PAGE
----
To be clear, Black people were not always equally represented in the GIF game. In fact, aside from some really creative people making their own, there was a decided dearth of Black reaction gifs for us to share. That changed in 2016 when Jasmyn Lawson became the culture editor at GIPHY and made it her mission to make “their library of GIFs an inclusive reflection of the world.”
She accomplished her goal. She added some of the funniest and most iconic moments with our favorite Black celebrities, athletes, and social media personalities to the mix and suddenly we had a way to express ourselves with each other on social media. It was like having a graphics version of AAVE to speak in.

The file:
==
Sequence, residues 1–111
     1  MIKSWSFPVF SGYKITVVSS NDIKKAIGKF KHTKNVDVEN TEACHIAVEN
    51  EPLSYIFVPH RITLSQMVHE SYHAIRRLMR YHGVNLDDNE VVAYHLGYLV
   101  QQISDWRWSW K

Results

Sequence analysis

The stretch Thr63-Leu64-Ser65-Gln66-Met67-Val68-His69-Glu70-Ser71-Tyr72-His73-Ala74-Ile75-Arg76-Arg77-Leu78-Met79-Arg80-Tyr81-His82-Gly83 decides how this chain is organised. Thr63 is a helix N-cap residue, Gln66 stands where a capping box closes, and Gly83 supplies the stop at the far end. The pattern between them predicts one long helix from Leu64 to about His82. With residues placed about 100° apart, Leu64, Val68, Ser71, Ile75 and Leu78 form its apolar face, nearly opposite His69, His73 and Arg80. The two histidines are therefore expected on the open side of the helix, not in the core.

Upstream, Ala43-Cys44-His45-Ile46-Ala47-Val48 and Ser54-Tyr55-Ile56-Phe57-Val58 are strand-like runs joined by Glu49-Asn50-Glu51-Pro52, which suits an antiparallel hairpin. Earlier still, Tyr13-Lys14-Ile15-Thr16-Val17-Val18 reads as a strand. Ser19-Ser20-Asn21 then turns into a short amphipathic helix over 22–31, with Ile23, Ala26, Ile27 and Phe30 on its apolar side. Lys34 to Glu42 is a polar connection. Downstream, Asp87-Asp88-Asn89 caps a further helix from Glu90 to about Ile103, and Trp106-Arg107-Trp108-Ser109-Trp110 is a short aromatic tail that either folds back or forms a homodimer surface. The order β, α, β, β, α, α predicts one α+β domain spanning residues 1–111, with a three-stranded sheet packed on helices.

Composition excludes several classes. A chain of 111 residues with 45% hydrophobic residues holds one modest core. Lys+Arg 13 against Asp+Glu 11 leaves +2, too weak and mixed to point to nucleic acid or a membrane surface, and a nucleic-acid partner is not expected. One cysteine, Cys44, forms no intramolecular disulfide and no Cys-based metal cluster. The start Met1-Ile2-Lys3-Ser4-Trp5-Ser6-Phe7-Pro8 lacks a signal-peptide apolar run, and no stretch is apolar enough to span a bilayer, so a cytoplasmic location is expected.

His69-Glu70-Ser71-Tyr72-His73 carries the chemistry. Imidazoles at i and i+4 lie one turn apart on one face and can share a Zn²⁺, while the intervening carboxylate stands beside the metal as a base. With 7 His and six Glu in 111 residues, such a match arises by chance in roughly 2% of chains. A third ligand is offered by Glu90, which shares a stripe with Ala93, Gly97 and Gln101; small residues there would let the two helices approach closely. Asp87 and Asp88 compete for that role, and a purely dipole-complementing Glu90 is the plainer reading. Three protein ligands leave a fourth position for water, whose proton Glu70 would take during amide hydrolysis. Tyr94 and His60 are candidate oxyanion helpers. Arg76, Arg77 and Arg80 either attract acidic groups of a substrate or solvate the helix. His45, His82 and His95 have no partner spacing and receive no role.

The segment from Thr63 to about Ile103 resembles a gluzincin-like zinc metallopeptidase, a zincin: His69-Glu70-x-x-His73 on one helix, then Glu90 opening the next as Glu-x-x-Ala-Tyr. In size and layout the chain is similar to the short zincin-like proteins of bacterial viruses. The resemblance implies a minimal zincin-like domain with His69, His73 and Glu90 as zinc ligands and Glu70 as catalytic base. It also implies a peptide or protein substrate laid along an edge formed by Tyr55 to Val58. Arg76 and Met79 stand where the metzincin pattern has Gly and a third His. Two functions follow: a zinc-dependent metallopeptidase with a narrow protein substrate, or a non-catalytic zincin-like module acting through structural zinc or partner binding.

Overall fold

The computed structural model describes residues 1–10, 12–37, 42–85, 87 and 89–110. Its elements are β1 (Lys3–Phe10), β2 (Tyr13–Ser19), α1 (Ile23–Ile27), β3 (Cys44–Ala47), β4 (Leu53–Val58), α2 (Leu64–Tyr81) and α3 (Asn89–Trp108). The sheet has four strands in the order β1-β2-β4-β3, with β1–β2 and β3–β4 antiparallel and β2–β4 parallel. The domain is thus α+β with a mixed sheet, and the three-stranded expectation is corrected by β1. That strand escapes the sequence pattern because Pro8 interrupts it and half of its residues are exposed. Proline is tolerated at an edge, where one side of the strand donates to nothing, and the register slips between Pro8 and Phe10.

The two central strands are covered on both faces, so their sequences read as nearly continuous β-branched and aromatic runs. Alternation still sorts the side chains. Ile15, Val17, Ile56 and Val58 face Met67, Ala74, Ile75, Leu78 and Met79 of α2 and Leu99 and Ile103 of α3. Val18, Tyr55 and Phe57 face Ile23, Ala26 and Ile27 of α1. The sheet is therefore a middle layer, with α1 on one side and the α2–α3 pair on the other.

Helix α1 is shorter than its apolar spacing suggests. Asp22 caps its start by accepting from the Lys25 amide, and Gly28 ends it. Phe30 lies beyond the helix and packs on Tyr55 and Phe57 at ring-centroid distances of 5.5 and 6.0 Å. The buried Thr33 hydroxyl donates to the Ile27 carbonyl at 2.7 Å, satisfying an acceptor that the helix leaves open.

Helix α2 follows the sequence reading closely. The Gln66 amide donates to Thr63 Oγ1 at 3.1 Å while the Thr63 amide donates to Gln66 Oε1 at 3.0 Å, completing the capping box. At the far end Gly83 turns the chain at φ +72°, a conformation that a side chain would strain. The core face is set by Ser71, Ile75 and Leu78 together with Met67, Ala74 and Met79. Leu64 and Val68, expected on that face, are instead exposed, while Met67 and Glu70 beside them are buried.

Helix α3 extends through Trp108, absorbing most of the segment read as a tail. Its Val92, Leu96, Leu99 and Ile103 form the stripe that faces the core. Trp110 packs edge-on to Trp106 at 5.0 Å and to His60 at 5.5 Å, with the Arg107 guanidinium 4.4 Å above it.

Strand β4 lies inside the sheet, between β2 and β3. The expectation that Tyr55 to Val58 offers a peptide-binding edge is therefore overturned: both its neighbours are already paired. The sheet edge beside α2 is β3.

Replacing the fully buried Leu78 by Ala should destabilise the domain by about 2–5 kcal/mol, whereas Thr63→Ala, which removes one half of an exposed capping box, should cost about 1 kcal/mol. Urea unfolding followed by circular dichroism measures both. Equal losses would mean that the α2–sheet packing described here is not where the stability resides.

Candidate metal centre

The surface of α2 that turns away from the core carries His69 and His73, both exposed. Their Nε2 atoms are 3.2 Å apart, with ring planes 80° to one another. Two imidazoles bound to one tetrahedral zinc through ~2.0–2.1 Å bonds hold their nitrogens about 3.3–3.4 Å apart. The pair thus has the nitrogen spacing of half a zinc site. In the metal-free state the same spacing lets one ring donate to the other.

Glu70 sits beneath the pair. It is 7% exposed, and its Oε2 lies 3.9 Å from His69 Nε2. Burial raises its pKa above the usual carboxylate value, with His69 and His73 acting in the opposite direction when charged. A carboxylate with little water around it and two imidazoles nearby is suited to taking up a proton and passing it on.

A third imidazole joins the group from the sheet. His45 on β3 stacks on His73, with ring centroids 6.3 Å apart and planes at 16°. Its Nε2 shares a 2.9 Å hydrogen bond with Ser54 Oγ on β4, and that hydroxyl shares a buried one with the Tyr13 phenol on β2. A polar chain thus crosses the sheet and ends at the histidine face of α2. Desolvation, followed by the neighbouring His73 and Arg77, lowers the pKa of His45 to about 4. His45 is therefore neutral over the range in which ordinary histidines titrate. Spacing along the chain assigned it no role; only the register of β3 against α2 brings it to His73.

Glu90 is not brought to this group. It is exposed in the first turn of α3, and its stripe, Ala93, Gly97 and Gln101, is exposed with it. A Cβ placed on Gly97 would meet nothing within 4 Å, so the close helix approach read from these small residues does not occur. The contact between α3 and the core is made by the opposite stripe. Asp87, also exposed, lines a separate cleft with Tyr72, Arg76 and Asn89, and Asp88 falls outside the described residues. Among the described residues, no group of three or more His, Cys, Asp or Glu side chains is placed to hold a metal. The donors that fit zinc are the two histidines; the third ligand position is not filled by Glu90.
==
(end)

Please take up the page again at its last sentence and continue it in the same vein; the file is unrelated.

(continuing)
Black folks speaking in memes and GIFs with each other on social media is a type of shorthand we all know and recognize. It’s a way we signify with and relate to each other.
Our use of these memes and GIFs comes with an inherent cultural understanding of where they came from and what they represent when we use them with each other.
That type of understanding and nuance is not present when non-Black people try to use them in the same way.There are levels to this ‘digital blackface’ discussion
2 thoughts on “Let’s talk about digital blackface”
More hate from you. Just what the world doesn’t need.
I’ve known Barbie Bassett for 25 years. She most certainly did NOT know that Snoop Dogg’s stupid phrase meant what you black people say it means. She would NEVER have said that ESP on air, IF she thought it was a sub for your N-word.
And your not black enuf to use that word either.
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